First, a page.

Introducing MicroBits for Independent Learning

Over the half term holidays I was really lucky, and 20 new MicroBits arrived on my desk. A fantastic tool to use with the children, and something I’ve tinkered with a little bit over the last few years, but not something I’ve tried whole class. I don’t want to try and steal the thunder from secondary teachers when my pupils move up, but down in primary we can get some much from these devices!

After introducing them to the year 5 pupils we got started with the simplest activity I could think of. An instant win for the pupils to get them on board. We started by getting the MicroBit to read their names and the schools name across the LED matrix.


They devoured this activity in seconds, and I had blinking LEDs across the room, with pupils shouting ‘What’s next?!’ at me!

Rather than walk them through step by step on each little activity I had planned,  I wanted them to get going independently. I’d planned three different tasks that were all fairly simple, so put all three on the board at the same time for them to get going with. They were the code for making a Rock/Paper/Scissors game, a shake thermometer, and a dice emulator. (Click on the links below to enlarge).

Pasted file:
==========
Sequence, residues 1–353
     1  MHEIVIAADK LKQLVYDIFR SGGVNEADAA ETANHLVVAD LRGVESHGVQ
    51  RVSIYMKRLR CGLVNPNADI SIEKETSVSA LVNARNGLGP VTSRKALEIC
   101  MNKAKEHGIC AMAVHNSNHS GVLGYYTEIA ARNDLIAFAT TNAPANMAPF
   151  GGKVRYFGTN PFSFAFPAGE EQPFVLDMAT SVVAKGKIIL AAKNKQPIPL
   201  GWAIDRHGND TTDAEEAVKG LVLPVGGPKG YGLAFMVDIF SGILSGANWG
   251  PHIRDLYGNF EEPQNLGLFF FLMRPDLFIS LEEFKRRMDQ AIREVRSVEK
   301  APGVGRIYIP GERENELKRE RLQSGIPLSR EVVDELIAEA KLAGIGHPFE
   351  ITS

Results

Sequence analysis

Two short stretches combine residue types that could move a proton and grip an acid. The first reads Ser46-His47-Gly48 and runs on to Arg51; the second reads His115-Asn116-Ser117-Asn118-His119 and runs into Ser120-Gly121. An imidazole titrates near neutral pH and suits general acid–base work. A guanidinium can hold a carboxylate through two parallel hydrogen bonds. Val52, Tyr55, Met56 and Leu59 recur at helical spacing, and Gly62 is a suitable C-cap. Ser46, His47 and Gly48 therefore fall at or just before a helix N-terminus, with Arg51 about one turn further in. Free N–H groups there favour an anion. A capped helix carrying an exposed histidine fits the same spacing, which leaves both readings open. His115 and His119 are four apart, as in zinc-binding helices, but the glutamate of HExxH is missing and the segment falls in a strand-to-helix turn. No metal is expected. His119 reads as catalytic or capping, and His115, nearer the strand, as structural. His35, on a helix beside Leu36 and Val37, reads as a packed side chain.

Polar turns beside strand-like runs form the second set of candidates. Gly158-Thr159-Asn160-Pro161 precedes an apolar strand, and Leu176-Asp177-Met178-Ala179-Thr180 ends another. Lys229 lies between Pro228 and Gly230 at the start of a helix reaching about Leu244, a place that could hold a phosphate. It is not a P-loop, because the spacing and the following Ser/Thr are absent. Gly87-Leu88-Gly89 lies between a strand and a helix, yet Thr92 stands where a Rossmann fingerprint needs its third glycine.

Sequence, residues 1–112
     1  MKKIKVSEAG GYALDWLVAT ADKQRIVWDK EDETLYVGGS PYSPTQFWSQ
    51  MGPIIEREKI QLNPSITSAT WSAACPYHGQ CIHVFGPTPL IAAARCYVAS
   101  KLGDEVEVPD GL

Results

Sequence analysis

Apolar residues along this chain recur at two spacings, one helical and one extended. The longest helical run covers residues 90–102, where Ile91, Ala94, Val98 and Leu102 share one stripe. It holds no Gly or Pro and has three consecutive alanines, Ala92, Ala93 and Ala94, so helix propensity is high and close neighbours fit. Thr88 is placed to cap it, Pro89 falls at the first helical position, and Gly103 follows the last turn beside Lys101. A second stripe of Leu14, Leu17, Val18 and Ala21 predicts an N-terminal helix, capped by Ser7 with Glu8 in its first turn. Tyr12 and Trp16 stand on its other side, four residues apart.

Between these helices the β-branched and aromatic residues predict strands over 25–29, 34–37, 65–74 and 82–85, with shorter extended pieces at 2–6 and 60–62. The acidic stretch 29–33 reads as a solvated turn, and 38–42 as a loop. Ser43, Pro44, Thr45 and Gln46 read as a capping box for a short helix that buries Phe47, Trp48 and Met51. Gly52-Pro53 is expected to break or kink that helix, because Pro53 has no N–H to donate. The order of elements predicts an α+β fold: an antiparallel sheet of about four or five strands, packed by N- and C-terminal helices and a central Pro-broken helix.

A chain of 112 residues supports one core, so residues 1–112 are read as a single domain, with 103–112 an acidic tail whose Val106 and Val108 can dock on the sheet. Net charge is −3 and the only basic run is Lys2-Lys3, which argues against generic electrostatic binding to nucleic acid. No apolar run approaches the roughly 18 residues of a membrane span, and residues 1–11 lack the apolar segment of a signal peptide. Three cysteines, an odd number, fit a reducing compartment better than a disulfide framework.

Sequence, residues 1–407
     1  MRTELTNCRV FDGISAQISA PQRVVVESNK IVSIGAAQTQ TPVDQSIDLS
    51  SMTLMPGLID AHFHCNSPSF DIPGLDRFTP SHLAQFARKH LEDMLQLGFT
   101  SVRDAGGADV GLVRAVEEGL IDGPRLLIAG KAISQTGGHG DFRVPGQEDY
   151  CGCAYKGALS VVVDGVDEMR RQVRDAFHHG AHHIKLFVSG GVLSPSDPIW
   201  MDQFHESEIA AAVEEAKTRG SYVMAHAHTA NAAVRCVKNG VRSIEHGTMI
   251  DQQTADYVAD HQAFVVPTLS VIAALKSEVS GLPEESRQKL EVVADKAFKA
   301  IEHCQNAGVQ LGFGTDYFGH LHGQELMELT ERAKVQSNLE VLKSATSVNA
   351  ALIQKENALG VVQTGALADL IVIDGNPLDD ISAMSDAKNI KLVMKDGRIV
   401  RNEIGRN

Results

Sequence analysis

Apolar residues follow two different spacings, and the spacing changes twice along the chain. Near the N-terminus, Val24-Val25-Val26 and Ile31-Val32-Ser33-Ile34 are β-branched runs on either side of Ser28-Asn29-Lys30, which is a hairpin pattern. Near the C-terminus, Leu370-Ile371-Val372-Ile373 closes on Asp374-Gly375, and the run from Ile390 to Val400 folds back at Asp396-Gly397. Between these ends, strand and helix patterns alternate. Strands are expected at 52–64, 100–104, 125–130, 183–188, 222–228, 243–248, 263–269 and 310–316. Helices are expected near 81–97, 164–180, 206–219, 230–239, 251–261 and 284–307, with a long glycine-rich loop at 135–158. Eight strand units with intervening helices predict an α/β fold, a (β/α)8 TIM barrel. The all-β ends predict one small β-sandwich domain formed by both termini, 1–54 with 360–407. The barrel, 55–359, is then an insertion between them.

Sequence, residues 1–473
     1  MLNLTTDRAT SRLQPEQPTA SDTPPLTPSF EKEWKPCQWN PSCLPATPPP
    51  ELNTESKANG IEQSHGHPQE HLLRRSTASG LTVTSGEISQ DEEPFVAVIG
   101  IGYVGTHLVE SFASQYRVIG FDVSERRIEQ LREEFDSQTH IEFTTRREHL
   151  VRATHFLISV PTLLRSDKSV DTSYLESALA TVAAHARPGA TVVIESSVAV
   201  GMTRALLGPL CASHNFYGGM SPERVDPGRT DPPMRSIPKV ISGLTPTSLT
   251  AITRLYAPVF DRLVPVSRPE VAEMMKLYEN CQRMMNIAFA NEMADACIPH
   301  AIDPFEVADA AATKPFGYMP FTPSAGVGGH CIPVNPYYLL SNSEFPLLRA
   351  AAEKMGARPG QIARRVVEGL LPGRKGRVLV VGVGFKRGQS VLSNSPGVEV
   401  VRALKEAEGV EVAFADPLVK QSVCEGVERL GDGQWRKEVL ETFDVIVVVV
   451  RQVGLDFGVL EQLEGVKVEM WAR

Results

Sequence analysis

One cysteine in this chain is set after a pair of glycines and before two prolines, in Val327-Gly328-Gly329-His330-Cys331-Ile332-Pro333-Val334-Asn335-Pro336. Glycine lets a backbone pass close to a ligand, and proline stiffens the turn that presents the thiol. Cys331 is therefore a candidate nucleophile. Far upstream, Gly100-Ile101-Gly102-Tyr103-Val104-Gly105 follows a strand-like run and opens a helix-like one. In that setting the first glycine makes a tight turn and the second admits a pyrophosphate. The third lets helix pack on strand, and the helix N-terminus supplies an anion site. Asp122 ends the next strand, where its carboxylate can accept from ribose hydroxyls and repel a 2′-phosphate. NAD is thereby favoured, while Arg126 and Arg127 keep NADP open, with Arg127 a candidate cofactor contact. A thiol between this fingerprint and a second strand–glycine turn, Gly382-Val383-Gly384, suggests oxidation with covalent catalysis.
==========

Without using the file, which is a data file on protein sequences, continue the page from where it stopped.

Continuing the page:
Having 20 MicroBits means that I don’t have enough for one each in the room, so we have to do paired coding. This works really well, and they probably get more out of it doing it this way. It’d tried to make them varying in difficulty slightly to set them more of a challenge to get through them all. The thermometer task was a little trickier as the kids had to create a variable. The room was buzzing as they all worked away on the activities, and were all enthusiastic and engaged about using the MicroBits. It was great for me to sit back and watch them go too. With very little instruction they were able to get stuck in and achieve in the lesson.


Over the next few weeks I’m looking forward to seeing what we can do next with them. I’ll be spending my weekends googling some activities to see how creative we can be. Some of you might know I’m a bit obsessed with Kodu, so I’m really looking forward to using it with that. Watch this space!


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